The peach, in the form that Americans know it, was invented in 1875, in the state of Georgia, by Samuel Rumph. Until then, something called a “peach” existed, but it was barely a commercial product, because it couldn’t be shipped. But after years of tinkering and cross-breeding with fruit that no one much wanted, Rumph developed the Elberta peach (named after his wife) in 1875. Cynthia R. Greenlee tells the story in “Reinventing the Peach, the Pimento, and Regional Identity” (Issues in Science and Technology, Summer 2022). She writes:

Just how Rumph begat this new peach is uncertain. It was succulent and bright yellow with red markings. Its pit came out easily, and its fruit matured early in the season. That timing and its firmness were boons, and the trees yielded their large, handsome fruit prolifically. As historian Thomas Okie wrote in his rigorous and compelling study of how the peach became a Georgia icon, Rumph had produced the “industrial peach,” a reliable producer that was reasonably good to eat, relatively resistant to pests and diseases, amenable to growing in different climes and soil, and easily transportable. 

As a pioneer of what would eventually become agribusiness, Rumph considered the whole peach, from grafting to delivery, and intervened at various stages in the supply chain. First, he bred the peach that took the world by storm. Then, as a member of the Georgia State Horticultural Society’s committee on packing and shipping peaches, Rumph devoted himself to studying how to send peaches around the country. Although the first shipment of peaches to New York had happened around the time of Rumph’s birth in the 1850s, shipping still bedeviled the peach grower. Picked too green, they lost flavor when refrigerated. Too ripe, and they rotted almost immediately after emerging from cold shipment.

It wasn’t long before Rumph reported making a successful shipment of peaches to New York, offering proof of concept that Georgia peaches could ride the railways well and sell high, even though it was an arduous journey for the fruit: usually three days total of trains and transfer to steamers. In an effort to make shipping a precise science rather than a gamble, Rumph created a slatted crate that could be stacked and wheeled, founding the Elberta Crate Company. His unpatented invention spawned industrywide imitation, and he went on to invent a refrigerated railway car—also unpatented—that was widely used by fruit growers thereafter.  Rumph’s industry-changing shipping inventions established a durable and productive connection between fruit growers, the state, and industry. Railroads were booming across the South, buoyed by ample northern investment. And peach growers’ earnings—and nurserymen’s active involvement in politics—determined where railroads would go and stop.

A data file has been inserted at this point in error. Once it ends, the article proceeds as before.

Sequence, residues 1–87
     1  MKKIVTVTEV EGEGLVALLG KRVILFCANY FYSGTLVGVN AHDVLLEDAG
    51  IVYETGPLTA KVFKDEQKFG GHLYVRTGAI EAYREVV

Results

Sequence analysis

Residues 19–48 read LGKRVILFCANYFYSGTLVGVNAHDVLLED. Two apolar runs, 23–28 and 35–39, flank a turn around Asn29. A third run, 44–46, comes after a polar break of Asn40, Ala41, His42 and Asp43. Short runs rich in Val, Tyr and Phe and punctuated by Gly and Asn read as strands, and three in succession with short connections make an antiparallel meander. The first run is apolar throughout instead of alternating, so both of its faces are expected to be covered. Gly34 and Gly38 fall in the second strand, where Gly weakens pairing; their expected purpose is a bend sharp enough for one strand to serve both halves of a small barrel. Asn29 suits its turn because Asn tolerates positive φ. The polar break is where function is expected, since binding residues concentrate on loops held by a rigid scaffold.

As Greenlee points out, the arrival of the peach altered the economic position and public view of Georgia. It wasn’t long before the same infrastructure of agricultural development and processing started by the peach led to crops of melons, berries and other fruits and vegetables. Georgia boasted that it was a place where both apples and oranges could grow–a pointed jab at northern orchards. The crops and best-practice growing technologies were spread by agricultural extension services.

Greenlee tells the story of another Georgia agricultural family, Samuel Riegel and his sons, who were to the pimento what Rumph was to the peach. In 1905, the family became obsessed with growing peppers. They got their US Congressman to obtain seeds from Europe, which the bred and cross-bred, and by 1911 they were distributing pimento seeds. Again, a chain of complementary innovations was important, and here one of Riegel’s sons took the lead:

Still, a particularly vexing wrinkle marred Perfection’s flawlessness, one common to all pimentos: thick, hard-to-process skin. It had to be softened with lye or burned off in a fire, then peeled by hand.  The other Riegel son, Mark, who worked briefly for the experiment station, thought there had to be a better way. He invented a roasting machine that ferried peppers on a continuous chain through a line of fire, turning the skin burnoff into a quicker mass process. Like Rumph before him, he attended to the supply chain end to end. Not only did Mark Riegel invent a process, he established a string of canneries that induced growers to cultivate peppers on contract. From the seed to the jar, the Riegels had cultivated the “perfect” pimento, enlisted farmers to grow their marvel, developed a better processing method, and created upbeat marketing campaigns with their Sunshine brand.

The overall lesson here is that a successful innovation is a multifaceted process. It often involves individuals willing to take the risks of experimentation and research, but those individuals often have a better chance if they are supported by an invisible infrastructure of science and shared information. The ultimate success depends not just on the product itself, but also on complementary innovations: processing, packaging, transportation. Success also depends on nurturing demand for the new product, often via marketing and publicity efforts. Finally, when these general ingredients are in place, one successful innovation can light the way to others.